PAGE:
Past member is liable only if present member cannot satisfy company’s debts – sec. 522


‘Contributory’ is any person who is liable to contribute to the property of the company on winding up

Maintenance of share capital

The rule in Trevor v Whitworth

Trevor v Whitworth (1887) 12 App Cas 409

General concern of capital reduction

In effect it is returning capital to shareholders ahead of creditors

Generally to protect creditors

May have an unfair effect to shareholders who were bought-out

Issue of fairness – see Catto v Ampol Ltd. (1989) 7 ACLC 717

Minority protection – sec. 233(1)(e)

To prevent fraud

When does reduction of capital occur?

Examples include

Allowable reductions

Share capital reduction

Fair and reasonable to shareholders as a whole

Does not prejudice company’s ability to pay creditors

Approved by shareholders under sec. 256C

Effects of contravention

Some permissible capital reductions

Redemption of preference shares (PS)

Redemption of PS is NOT a reduction in CA2001 – sec. 254A

It may be redeemed at a fixed time or at company’s option – sec. 254A(1)

It can only be redeemed on the terms on which they were issued – sec. 254J(1)

Further conditions for redemption:

Directors should avoid redemption if it creates insolvency; i.e. beware of sec. 588G and 588M

Share Buy Backs

Prior to 1989 share buy-backs are strictly not allowed

CSLRC report in 1987 considered some valid reasons for share buy-backs, and potential abuse of the system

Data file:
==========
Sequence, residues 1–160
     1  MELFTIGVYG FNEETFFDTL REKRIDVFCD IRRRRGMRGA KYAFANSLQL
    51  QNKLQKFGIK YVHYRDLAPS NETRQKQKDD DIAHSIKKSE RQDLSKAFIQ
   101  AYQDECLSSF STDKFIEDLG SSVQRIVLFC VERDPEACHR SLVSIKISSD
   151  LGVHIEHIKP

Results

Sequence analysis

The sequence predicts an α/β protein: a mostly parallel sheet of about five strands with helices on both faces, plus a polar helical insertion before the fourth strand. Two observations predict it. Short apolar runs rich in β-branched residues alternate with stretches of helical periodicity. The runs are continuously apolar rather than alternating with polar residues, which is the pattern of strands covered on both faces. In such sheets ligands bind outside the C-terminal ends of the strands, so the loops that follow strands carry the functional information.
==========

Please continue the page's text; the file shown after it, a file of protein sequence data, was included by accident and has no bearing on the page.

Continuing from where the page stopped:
The final list of allowable share buy-backs are in sec. 257B
[replicated in Lipton – Table 8.3]

Essentially they are:

NOTE that 10/12 limit is a basic requirement – procedures streamlined

‘10/12 limit’ refers to max limit of 10% that a company can buy-back its own shares within last 12 months

Once buy-back agreement entered, all rights attached to the purchased shares are suspended

Upon registration of transfer to the company, shares must be cancelled – sec. 257H

Notify ASIC within 1 month after cancellation – sec. 254Y

Indirect self-acquisition

Avoiding Trevor v Whitworth and sec. 256B & 257A prohibitions

Using cross-shareholding arrangements, company can have de facto buy-back outside capital reduction provisions

X Ltd owns 40% in Z Ltd, and Z Ltd buys 30% of X Ltd
(i.e. 40% of the 30% purchase price of X Ltd shares came from X Ltd itself; the cash was just passed through a round of hands)

Prohibitions on such avoidance – Sec. 259C

Generally, issue or transfer of shares of a company to an entity it controls is void – sec. 259C(1)

Some exceptions in sec. 259C(1)(b) – (d)

Meaning of ‘control’ expanded to when company has capacity to determine the outcome about the entity’s financial and operating policies – sec. 259E(1)

Financial assistance

Another ‘avoidance’ of Trevor v Whitworth etc

Similar to indirect self-acquisition BUT here basically money is given by the company to another person to buy shares in the company

Financial assistance is not defined in CA2001 but examples are given in prohibition sections

Examples from courts include

Prohibition sections found in sec. 260A – 260D

Exemptions in sec. 260C
[see Lipton – Table 8.4]

Recommended Readings


Lipton 2001 Chap. 8 (Aust.)

Baxt 1999 Chap. 14 (Aust.)

Redmond 2000 Chap. 9 (Aust.)

Gower 1997 Chap. 11 & 13 (UK)

Woon 1997 Chap. 11 (M’sia & S’pore)

Further readings

None at the present moment